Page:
Asil Nadir, the executive who returned to the U.K. last week to face fraud charges two decades after fleeing the country, is scheduled to face trial in October 2011, a London judge ruled today.
Justice David Bean at the Old Bailey overruled a request by Nadir’s lawyer William Clegg to hold the trial earlier, saying that it was “unrealistic” for the prosecution to be expected to re-compile a 17-year-old case on short notice.
“The 17-year delay is not the fault of the prosecution, it is the fault of Mr. Nadir,” Bean said.
Nadir left the U.K. in 1993 after being charged with theft and false accounting by the Serious Fraud Office, which prosecutes major financial crime. The SFO said Nadir embezzled about 30 million pounds ($46 million) from Polly Peck, a food-packaging firm that collapsed in 1990 when it was unable to pay its debts.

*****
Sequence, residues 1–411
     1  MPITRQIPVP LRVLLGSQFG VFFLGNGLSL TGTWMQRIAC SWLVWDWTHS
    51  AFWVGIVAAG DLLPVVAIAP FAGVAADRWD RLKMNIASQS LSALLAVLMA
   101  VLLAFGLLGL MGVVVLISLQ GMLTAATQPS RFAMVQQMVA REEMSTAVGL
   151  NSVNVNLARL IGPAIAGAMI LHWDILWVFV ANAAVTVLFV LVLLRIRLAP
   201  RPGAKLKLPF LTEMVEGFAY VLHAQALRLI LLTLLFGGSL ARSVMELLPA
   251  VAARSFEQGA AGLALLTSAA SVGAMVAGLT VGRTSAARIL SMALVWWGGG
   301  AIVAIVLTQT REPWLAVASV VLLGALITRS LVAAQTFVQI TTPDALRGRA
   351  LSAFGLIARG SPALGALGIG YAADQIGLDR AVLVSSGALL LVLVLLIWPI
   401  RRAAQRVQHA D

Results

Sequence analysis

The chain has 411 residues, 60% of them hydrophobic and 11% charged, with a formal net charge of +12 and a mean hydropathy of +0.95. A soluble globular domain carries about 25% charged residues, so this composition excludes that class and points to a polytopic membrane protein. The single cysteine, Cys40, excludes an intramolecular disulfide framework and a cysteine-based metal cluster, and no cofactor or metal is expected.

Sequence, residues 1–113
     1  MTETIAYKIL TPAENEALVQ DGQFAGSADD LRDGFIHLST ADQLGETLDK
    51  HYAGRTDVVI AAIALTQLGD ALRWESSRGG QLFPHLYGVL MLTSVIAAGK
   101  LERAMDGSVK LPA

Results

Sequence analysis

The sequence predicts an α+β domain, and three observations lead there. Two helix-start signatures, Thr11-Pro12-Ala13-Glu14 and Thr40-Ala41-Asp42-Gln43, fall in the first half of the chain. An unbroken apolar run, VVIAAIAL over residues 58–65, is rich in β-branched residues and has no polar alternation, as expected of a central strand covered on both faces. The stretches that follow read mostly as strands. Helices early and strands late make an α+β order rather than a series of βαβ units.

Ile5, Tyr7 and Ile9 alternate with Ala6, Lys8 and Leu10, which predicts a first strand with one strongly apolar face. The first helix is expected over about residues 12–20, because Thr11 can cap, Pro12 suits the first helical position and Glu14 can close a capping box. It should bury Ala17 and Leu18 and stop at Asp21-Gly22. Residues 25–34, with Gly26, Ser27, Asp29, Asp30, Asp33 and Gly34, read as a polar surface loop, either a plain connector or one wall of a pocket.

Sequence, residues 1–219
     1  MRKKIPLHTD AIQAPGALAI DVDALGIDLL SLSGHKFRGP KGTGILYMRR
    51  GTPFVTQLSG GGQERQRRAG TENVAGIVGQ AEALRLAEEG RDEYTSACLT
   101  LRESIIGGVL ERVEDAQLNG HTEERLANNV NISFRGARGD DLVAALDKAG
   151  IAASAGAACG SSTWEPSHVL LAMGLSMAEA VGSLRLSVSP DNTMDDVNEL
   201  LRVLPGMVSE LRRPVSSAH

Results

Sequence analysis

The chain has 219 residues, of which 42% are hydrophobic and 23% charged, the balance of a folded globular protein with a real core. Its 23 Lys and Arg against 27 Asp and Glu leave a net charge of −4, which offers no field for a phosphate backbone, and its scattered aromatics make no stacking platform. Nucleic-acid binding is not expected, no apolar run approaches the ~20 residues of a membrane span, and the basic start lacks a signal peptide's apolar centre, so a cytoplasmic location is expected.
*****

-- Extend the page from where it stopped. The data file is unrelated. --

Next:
Nadir, who denies wrong-doing, plans to bring an abuse of process application to halt his prosecution, Clegg said. Bean ruled that application will be heard in March. Bean granted Nadir bail on conditions including that he comply with a curfew between midnight and 6 a.m. and check-in weekly at a police station.
Polly Peck’s administrators found more than 700 million pounds was unrecoverable from units of the company, which Nadir built up during the 1980s by expanding into areas such as electronics and hotel franchises. In 1989, the company bought fruit brand Del Monte, turning it into the world’s third-largest fruit distributor, according to the Daily Telegraph.